When you have a trio of Davion Mintz, plus springy, score-first, Monk-like athletes like BJ Boston and Terrence Clarke to help a dominant back-to-the-basket big like Sarr was last year, that opens the floor up for KBJ to take that lack of attention from defenses and turn it into a weapon due to Brooks’ “natural sneakiness” on the floor offensively.

Here’s a bit of what I mean when I say natural sneakiness. When you watch him in the half-court, it feels like KBJ is always slipping to open parts of the floor. It may seem like a simple concept, especially when teams hound the paint against the lightning-quick guards the Cats usually possess each season.

But, if he can consistently hit mid-range jumpers like this one, it makes Kentucky all the more tougher to stop when you have four other guys that can go for 20+ on any given night.

Note: KBJ took 123 total shot attempts this past season. 104 of those shots came inside the arc, including nine dunks and 42 total shots at the rim. 62 of those 104 attempts came from what calculated as an attempt not around the rim. That’s 50.4 percent of his total shots.

KBJ uses the lack of attention to his advantage and cans the jumper from the right elbow.

One trait that KBJ already has that’ll certainly come in handy like it did last season is his ability to get out and run in transition in the body of a three that’s usually playing as a smaller four-man. There’s one that Kentucky usually has and that’s the ability to scare teams when they’re running in transition.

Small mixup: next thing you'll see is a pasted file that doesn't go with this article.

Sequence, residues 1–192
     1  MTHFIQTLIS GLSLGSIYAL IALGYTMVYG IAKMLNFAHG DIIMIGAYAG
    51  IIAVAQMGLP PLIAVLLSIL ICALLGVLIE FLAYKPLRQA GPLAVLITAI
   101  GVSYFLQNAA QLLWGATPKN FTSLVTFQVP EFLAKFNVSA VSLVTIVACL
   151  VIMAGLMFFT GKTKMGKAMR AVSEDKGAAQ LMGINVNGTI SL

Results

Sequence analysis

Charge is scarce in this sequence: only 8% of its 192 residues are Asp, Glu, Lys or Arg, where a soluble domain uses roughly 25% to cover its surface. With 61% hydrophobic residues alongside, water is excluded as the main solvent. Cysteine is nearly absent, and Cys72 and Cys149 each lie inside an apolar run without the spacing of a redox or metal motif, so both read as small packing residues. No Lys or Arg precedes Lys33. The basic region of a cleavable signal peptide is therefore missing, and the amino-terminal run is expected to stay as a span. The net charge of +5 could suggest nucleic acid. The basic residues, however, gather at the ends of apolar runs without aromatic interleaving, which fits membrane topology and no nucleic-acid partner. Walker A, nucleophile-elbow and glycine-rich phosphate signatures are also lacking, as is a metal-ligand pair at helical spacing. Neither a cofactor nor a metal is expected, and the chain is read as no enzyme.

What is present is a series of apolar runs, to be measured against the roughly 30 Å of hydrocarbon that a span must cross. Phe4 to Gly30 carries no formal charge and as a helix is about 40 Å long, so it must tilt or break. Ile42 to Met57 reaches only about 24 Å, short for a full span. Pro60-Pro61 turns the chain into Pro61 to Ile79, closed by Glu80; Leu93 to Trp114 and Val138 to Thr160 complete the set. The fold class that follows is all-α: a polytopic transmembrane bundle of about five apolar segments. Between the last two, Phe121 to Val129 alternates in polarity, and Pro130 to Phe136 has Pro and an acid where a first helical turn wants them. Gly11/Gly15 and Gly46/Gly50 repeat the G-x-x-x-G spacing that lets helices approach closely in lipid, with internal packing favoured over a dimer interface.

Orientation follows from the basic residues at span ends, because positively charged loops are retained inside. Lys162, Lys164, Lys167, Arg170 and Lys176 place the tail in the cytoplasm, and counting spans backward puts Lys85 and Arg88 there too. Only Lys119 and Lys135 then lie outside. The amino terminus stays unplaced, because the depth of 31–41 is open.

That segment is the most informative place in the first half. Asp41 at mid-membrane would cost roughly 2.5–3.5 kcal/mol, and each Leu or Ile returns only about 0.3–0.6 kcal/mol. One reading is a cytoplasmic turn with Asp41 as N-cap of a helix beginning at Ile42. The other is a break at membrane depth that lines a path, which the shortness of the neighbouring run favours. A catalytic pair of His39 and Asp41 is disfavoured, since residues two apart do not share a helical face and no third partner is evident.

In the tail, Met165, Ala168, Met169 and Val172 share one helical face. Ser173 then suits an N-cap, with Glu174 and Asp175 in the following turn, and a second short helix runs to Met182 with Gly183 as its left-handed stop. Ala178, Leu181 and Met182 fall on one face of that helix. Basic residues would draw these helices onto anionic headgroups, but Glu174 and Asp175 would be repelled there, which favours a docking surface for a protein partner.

Twice in the Georgia game at home specifically, KBJ contested a perimeter jumper and then crept behind the defense for four of his 10 points on the evening back on Jan. 21 in just 16 minutes of action. That sneakiness pays dividends sometimes.

KBJ. Sneaky.
Wilson, back to pass ... he’s got Bowden wide open ... touchdown Kentucky!

The examples of KBJ’s sneaky nature on the offensive end of the floor really shined through at times on the offensive glass. Despite playing 85 total minutes less than Sestina and 205 less minutes than Montgomery this past season, KBJ’s offensive rebounding percentage of 8.5 percent was only 0.8 less than both.

KBJ had six games where his ORB% was 17 percent or higher and 31 of his 99 total rebounds came on the offensive side of the floor. He won’t have two other forwards eating up minutes this season, so expect these numbers to go up like virtually all of his numbers across the board, especially when he can make plays like this.

Holy KBJ, Batman.

And, this one, too.

KBJ is always tracking the ball when it goes up from anywhere.

This season, which should come with some odd pending label on it for now because of COVID-19 sweeping across the nation, is a big one specifically for KBJ and his future ahead.

He’s the lone player with any experience actually paying under Calipari and his staff, seeing as Dontaie Allen, who appears to be having a good and healthy offseason, didn’t play at all last season.

If his dad ends up being correct, that’s a great thing for Big Blue this season.

“When the debates come up about what he’s going to do, I think he’s going to surprise more than people think. Last year’s team was a different dynamic, you had a lot of guys that came back, and he did what he had to do for the team,” the elder Brooks told Smith.

“He showed that he could learn how to do more than just one side of the ball. You put his defense, rebounding, and toughness, all the things that coach has pushed him to get better at, along with the offensive side of the ball, just knowing how to be around the ball knowing how to make plays, I’m expecting a really big jump for him from year one to year two.”